Pledge GMSLA Anatomy
What is the Pledge GMSLA?
The elegantly titled Global Master Securities Lending Agreement (Security Interest over Collateral 2018 version) — known to the friends it has rapidly made in the industry as the “Pledge GMSLA” is a version of the GMSLA published in November 2018 and designed exclusively for agent lending arrangements. Instead of posting collateral by title transfer, the Borrower pledges it. The Lender has a security interest over the collateral, but no right to reuse or otherwise deal with it.
What’s it for?
When you borrow securities under a stock lending agreement, you tend to over-collateralise—perhaps you give 105 in value of collateral for 100 of securities you have borrowed. This leaves you in the unusual position of being, net, a creditor to your lender: your lender has an obligation to title transfer the collateral back to you. If it is bust it cannot, and even after you apply close out netting, you’re in the hole to the tune of 5.
Now, if your lender is of dubious repute, from a credit perspective, you might have to hold capital against that credit exposure. Okay, it’s only 5, but when you’re a bank you do this in big size and it can add up. If, somehow, you can isolate the lender’s credit exposure it is worth doing.
In most cases, you can’t: most lenders will want to use your collateral in their own operations (to defray the lending costs of lending the securities to you, right?). If they do this then the collateral is gone, and you have no choice but to be a creditor.
Agent lenders are one class of lender who isn’t so bothered about reusing the collateral, because it didn’t lend to you in the first place, but lent its client’s securities to you, and these clients aren’t so bothered about reuse.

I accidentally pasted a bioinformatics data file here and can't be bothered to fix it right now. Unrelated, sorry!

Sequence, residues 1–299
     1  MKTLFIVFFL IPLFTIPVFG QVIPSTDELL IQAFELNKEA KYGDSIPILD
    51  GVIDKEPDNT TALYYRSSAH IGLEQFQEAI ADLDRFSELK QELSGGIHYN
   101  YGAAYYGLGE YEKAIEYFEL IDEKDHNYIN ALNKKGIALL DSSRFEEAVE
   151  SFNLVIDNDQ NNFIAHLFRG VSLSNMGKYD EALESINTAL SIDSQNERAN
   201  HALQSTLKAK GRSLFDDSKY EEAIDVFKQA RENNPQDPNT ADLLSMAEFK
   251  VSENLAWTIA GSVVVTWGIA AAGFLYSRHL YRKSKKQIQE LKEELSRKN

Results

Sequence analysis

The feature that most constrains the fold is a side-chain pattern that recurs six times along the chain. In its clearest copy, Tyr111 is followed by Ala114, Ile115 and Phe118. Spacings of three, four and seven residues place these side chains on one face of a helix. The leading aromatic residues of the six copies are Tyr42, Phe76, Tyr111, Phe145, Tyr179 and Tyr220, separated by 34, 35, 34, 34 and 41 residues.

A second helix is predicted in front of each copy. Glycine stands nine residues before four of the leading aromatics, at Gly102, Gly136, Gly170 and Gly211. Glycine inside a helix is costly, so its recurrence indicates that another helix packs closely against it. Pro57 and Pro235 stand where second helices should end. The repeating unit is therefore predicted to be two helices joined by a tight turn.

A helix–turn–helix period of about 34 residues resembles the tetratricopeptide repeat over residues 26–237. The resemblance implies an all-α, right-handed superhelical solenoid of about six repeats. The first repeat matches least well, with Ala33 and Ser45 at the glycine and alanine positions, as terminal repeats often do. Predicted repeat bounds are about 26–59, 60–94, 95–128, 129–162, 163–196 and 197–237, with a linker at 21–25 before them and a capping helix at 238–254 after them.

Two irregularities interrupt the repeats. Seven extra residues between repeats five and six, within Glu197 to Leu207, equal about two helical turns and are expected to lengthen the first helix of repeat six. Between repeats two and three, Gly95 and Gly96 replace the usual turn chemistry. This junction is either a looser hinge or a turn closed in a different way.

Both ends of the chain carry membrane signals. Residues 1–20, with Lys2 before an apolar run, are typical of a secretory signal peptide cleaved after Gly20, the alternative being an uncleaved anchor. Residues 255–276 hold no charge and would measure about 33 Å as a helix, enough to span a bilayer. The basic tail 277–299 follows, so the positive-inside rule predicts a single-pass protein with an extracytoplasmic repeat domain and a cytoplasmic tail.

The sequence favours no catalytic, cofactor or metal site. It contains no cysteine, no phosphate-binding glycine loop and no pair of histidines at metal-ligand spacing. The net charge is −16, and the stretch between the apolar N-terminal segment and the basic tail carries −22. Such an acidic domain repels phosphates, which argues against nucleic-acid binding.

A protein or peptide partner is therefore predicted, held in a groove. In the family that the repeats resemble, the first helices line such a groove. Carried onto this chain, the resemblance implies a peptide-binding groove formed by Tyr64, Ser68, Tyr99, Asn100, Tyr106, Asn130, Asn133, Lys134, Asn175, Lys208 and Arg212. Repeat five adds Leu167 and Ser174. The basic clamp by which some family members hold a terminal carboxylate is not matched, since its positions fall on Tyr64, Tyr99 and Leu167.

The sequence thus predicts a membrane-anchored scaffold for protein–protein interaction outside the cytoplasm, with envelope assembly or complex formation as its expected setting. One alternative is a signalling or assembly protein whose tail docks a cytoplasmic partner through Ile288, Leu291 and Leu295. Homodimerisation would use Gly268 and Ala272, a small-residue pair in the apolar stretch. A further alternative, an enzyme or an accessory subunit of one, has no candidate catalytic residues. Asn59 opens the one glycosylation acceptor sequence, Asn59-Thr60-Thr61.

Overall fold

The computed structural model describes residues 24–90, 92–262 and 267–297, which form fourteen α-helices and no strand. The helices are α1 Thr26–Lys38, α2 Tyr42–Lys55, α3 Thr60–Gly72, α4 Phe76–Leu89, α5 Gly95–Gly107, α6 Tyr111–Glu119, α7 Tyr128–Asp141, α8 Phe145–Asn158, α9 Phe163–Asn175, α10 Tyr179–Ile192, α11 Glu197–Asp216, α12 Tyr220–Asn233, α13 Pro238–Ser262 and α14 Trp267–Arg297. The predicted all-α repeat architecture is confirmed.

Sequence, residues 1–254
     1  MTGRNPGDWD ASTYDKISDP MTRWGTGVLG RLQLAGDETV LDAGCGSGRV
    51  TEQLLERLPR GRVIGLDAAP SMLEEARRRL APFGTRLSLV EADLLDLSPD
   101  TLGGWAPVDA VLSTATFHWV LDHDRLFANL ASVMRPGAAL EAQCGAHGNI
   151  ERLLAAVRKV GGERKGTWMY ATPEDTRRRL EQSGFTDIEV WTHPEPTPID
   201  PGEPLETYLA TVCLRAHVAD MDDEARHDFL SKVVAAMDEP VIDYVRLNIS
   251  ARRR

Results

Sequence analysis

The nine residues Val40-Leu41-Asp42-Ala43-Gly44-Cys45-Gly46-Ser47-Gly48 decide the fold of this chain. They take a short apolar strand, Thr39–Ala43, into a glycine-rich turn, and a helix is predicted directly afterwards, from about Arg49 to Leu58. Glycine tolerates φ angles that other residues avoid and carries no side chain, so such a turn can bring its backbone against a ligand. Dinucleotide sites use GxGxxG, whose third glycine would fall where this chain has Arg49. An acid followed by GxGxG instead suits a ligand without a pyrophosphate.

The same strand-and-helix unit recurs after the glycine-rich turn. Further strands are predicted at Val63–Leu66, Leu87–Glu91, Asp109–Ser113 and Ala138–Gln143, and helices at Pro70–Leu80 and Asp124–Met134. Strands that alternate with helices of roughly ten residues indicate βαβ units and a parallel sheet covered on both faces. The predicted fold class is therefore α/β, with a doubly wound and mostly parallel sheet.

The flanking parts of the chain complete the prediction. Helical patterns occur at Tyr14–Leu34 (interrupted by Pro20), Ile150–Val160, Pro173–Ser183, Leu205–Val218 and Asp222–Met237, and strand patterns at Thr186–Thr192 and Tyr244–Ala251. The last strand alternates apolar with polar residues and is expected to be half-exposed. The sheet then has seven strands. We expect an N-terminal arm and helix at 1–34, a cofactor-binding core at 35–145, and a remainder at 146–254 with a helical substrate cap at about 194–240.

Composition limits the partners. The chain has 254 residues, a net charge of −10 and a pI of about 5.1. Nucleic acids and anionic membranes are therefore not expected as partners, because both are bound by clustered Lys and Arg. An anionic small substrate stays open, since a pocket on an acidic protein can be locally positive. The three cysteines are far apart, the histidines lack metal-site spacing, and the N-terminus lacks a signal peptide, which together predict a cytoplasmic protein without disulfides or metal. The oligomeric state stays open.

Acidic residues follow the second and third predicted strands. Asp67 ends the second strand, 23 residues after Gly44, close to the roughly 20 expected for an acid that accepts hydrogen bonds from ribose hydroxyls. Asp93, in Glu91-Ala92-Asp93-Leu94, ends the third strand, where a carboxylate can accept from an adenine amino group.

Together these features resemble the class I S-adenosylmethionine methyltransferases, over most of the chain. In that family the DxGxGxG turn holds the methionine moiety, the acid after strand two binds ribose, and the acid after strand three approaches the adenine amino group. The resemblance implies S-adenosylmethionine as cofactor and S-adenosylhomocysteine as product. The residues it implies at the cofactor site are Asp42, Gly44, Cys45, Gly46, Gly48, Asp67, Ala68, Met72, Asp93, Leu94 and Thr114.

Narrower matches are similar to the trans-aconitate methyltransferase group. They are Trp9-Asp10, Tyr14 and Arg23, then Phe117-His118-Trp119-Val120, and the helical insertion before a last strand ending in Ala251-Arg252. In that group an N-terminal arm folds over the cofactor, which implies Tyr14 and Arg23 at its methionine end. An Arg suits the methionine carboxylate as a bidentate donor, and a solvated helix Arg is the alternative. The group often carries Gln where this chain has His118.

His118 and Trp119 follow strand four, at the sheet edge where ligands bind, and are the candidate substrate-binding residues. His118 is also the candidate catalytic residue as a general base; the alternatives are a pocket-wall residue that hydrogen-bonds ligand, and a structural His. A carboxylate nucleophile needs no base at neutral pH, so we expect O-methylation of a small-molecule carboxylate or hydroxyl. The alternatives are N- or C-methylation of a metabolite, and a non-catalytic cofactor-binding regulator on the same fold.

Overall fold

(Agent) Lenders who might like to use the Pledge GMSLA
A pledge GMSLA would be useful and interesting in the following circumstances:
- FI Borrower: Where the Borrower is a bank or financial institution that would incur a capital/balance sheet charge under Basel rules for the return of excess collateral it has provided by title transfer
- Non-FI Lender Where the Lender is not a financial institution, but rather is owner of long assets which it is seeking to enhance yield on, where its only concern is credit mitigation and not funding, and it does not therefore need to reuse the collateral, being happy for it to be “dead-ended” in a tri-party collateral management system, as long as it is properly— ahh, perfectly — pledged, so that should the Borrower default, the lender has recourse to the collateral.
Lenders who are not likely to use the Pledge GMSLA
Any normal market participants when trading with each other, where the name of the game is funding optimisation and collateral efficiency. Any securities lender who needs to use, reuse, rehypothecate posted collateral in their operations So brokers, dealers, banks, credit institutions — anyone who cares about balance sheet and capital efficiency — will not want to take collateral by pledge.
No-one needs both
It is a well-known rule of thumb that any institution with more than one type of the same master agreement will have all kinds of of operational and booking issues, because, systems not being artificially intelligent, there is no way of knowing which of the master agreements to book a given trade to. The good news is that there should be no “use case” for the same Lender to have both a title transfer and a pledge GMSLA. Lenders either care about optimising their collateral and funding — most normal market participants do — and they’ll be under a normal GMSLA, or they don’t — you are like some ultra high net worth asset management client, or a sovereign wealth fund or something, and you have funding literally coming out of your ears, which is why you are in the agent lending programme in the first place. You will be fine with a pledge GMSLA.
There are, apparently, some banks who lend and take collateral through triparty, as if they were principals of an agent lender. I am not sure why they do that, but they do.
- No concept of Equivalent Collateral, seeing as collateral is pledged and dead-ended, so you do get back what you pledged (and in fact never technically give it away) — there is none of this fuss around true sale that you have with title transfer (in that there’s no recharacterisation to a secured loan: we’re saying it is a secured loan).
- Close out works quite differently.
- The normal, 2010, title transfer GMSLA Anatomy - a lot more information about stock lending generally there.
- Almost no-one.
- Well: unless you are a UCITS fund, because the pledge doesn’t sufficiently isolate your credit risk to the lender the way title transfer does.